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Longlisted for the PEN/Diamonstein-Spielvogel Award
"A deeply felt and passionately expressed manifesto."
(starred) A meditation in the spirit of John Berger and bell hooks on art as protest, contemplation, and beauty in politically perilous times
As people consider how to respond to a resurgence of racist, xenophobic populism, A Mouth Is Always Muzzled
tells an extraordinary story of the ways art brings hope in perilous times. Weaving disparate topics from sugar and British colonialism to attacks on free speech and Facebook activism and traveling a jagged path across the Americas, Africa, India, and Europe, Natalie Hopkinson, former culture writer for the Washington Post
and The Root
, argues that art is where the future is negotiated.
Part post-colonial manifesto, part history of British Caribbean, part exploration of art in the modern world, A Mouth Is Always Muzzled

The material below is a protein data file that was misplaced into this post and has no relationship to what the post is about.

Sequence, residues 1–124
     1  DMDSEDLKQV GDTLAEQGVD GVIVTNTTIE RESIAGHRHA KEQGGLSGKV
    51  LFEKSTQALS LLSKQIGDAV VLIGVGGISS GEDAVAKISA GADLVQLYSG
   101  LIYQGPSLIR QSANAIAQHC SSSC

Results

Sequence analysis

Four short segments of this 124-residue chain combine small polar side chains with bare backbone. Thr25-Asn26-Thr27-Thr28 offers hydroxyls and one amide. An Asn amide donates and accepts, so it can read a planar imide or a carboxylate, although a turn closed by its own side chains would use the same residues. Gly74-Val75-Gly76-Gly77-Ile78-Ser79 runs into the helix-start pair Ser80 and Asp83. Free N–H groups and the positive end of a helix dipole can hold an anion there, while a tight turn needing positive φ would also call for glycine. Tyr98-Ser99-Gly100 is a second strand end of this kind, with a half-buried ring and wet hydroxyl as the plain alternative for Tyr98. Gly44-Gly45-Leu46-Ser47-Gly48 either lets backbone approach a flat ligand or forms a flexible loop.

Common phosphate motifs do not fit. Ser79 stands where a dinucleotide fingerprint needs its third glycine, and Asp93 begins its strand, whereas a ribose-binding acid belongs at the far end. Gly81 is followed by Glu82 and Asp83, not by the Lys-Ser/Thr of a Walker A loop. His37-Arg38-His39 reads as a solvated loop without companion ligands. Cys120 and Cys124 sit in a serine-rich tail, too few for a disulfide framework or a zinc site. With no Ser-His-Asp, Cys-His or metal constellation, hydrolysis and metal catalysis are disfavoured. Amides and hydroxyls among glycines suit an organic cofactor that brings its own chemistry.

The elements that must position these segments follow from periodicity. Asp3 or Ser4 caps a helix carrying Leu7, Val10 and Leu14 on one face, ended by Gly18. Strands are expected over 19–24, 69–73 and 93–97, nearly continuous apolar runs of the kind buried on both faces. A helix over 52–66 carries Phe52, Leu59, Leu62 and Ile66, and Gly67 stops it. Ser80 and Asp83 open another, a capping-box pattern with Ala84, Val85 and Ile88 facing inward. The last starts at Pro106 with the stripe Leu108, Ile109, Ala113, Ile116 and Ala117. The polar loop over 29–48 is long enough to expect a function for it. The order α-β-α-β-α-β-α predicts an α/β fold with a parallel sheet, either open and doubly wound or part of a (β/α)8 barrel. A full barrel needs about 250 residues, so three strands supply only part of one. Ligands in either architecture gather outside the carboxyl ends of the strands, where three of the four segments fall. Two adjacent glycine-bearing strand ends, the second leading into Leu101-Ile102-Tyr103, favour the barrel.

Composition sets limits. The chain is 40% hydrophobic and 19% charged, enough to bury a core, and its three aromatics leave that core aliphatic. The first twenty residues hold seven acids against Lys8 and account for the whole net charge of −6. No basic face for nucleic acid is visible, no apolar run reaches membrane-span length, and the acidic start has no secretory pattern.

is a dazzling analysis of the insistent role of art in contemporary politics and life. In crafted, well-honed prose, Hopkinson knits narratives of culture warriors: painter Bernadette Persaud, poet Ruel Johnson, historian Walter Rodney, novelist John Berger, and provocative African American artist Kara Walker, whose homage to the sugar trade Sugar Sphinx
electrified American audiences. A Mouth Is Always Muzzled
is a moving meditation documenting the artistic legacy generated in response to white supremacy, brutality, domination, and oppression. In the tradition of Paul Gilroy, it is a cri de coeur
for the significance of politically bold--even dangerous--art to all people and nations.